The Ideal Protein Diet Review Part II.

There are so many diets out there and so many different exercise programs and equipment it’s hard to know what will work for you. Everyone’s body is different and reacts different to dieting and exercise. And we all have different goals for our ideal weight, figure, and overall health. At least I believe we should have goals regarding those things. One thing I didn’t explain in the first post was that this diet does make you lose weight. My buddy that started almost two months ago has lost a ton of weight already. He lost twenty pounds in two weeks. A lot people would love to lose that kind of weight so quickly. So if your only goal is to lose weight, and to lose it fast, then this diet might be your answer.

One of the purposes of this website is to motivate people to do more than just lose or gain weight. Being skinny, or losing 80 pounds so that you’re back to your “ideal” weight is not the definition of being healthy or fit. That’s only a small part of it- a very small part. That’s my biggest beef with The Ideal Protein Diet and with many other programs out there. It doesn’t teach the participants good principles of health, like how to eat well and exercise properly. You buy their food, it comes in the mail, they tell you what to eat, you eat it, and once you’ve lost the weight you wanted to lose, you stop the “diet.” In my opinion, that doesn’t teach you anything other than the fact that you can lose weight. So what happens next? In many cases you gain it back. If the diet taught you how to shop for good foods, what good food is, what bad food is and why, and emphasized the importance of an exercise program in conjunction with the change in diet, you would be much better off. I’ve found a few programs that do that, which I’ll write about later, but I believe the Ideal Protein Diet is not one of them.

Many of the proponents of low-carb high protein diets say that there is no research proving that it is harmful to the body. Here’s a few things that back up what I said in my first post about the Ideal Protein Diet:

On the Essentiality of Dietary Carbohydrate (Journal of Nutritional & Environmental Medicine (September 2003) 13(3), 161–168)

How the Body Loses and Gains Weight (Nutrition: Concepts and Controversies tenth edition, Francis Sizer and Ellie Whitney, pgs. 329-332)




Would you like to join in on the discussion? Leave your comments below!

9 Responses to “The Ideal Protein Diet Review Part II.”

Read below or add a comment...

  1. Ruth says:

    I read your take on Ideal Protein with much interest. I have been on the program myself. I understand what you are saying. However, I think you need to know that IP DOES instruct client (I guess it depends on the counselor you get cause mine is superb) on how to shop for right foods and how to eat and exercise is good, etc. On any diet plan, if a person reaches their goal weight and then they celebrate by going right back to how they ate before, they’ll pack it all back on. Ideal Protein keeps you from doing that (IF YOU ADHERE TO THEIR “AFTER GOAL” suggestions, etc.) I’ve lost 30 lbs and have kept it off for more than 6 months now. So…I just had to throw this out to you.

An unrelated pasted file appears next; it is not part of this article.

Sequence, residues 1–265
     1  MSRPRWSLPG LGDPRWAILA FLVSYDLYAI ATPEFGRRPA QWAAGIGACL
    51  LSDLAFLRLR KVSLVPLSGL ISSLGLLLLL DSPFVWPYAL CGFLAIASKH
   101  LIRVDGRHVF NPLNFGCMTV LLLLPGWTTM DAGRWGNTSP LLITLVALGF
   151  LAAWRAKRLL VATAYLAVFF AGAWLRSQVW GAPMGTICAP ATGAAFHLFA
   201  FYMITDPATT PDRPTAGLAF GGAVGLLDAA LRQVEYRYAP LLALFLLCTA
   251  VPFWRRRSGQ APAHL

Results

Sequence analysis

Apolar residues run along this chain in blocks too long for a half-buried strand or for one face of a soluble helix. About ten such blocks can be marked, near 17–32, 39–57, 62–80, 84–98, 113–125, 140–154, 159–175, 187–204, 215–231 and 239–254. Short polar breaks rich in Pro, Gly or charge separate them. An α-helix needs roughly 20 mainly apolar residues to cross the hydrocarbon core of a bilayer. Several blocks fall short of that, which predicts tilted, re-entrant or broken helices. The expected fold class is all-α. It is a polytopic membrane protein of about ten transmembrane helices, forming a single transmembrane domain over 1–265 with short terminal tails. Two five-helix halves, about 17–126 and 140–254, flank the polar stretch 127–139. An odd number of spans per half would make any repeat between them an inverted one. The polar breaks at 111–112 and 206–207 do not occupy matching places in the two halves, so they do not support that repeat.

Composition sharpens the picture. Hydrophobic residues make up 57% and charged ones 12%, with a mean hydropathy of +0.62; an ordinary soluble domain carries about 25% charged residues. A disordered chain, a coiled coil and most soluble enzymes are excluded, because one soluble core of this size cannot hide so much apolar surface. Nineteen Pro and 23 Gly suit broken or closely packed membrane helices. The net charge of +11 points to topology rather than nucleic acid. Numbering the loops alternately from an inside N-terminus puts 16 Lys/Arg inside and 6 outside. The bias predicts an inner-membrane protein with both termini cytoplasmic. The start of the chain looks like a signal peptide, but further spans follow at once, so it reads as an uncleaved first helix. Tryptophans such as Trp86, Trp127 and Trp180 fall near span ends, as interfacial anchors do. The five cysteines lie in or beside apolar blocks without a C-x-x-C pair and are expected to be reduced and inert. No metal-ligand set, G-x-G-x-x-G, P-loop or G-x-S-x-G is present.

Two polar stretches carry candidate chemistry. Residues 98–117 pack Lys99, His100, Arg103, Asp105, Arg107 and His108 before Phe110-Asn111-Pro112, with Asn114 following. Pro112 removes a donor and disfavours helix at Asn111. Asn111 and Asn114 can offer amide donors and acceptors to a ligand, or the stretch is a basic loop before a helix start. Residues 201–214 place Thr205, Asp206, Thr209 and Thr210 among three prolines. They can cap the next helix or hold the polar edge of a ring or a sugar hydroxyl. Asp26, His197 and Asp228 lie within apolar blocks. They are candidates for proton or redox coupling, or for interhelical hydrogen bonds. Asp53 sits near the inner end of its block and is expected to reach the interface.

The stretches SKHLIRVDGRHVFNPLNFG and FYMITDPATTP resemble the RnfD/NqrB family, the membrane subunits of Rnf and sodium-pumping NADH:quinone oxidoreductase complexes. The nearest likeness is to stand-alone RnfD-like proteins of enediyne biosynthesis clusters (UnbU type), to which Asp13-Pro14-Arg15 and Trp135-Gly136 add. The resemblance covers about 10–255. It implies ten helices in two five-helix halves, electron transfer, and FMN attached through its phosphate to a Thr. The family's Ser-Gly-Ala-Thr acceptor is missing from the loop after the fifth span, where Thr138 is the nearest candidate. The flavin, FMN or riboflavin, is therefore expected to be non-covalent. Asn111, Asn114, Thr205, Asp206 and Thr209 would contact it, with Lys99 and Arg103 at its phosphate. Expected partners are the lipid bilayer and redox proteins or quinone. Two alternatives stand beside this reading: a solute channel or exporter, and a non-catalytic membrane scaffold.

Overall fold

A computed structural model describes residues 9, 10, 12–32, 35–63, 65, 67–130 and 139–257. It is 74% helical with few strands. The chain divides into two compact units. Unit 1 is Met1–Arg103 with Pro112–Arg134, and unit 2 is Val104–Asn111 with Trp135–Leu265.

2. Everett says:

    I agree with your comments (and facts) about low carb/high protein diets. You just have one MAJOR error. Ideal Protein is NOT a high protein diet. (Check the science and program’s details.) Yes the Ideal Protein products include high-quality protein; however, the program does not promote or involve consuming dangerous or high levels of protein. You consume just enough to protect muscle mass. After all, the program was developed for Olympic athletes…why would they want or ever risk losing ANY muscle mass? They wouldn’t. Nor do people on the program.

  3. admin says:

    Thanks for reading and replying to our post. We appreciate it a lot. You should know that when we say that the Ideal Protein Diet is a “high protein, low carb” diet we refer specifically to the percentage of total calories that come from carbs, fat, and protein in the diet. A typical quality diet will have around 45-65% of calories coming from carbs, 20-30% coming from protein, and 20-30% from fats. This is, however, not the case with The Ideal Protein Diet. The major percentage of calories from the diet come from protein, thus it is a high protein diet.

    Also, I disagree that it provides adequate protein to “protect muscle mass.” After all, people on the diet are consuming less calories than their REE, or resting energy expenditure, so the diet isn’t providing an adequate amount of any nutrient. There are many studies, some of which I’ve sited on our second article about The Ideal Protein Diet, that confirm a low carbohydrate diet results in decreased lean tissue mass, which includes muscle mass. You should check these out. Without a source of energy derived from carbohydrates, the body will use protein energy. Thanks again for reading and replying to the article.

  4. annette says:

    Hello,

    I would like to know more about the programs that you have found that teach people to eat right, shop right exercise – basically learn the tools to a healthy lifestyle while losing weight.
    You mentioned that you know of a few – please share. I have a friend who has tried to lose weight unsuccessfully and so is drawn to the quick weight loss on the ideal protein diet.

  5. Mike says: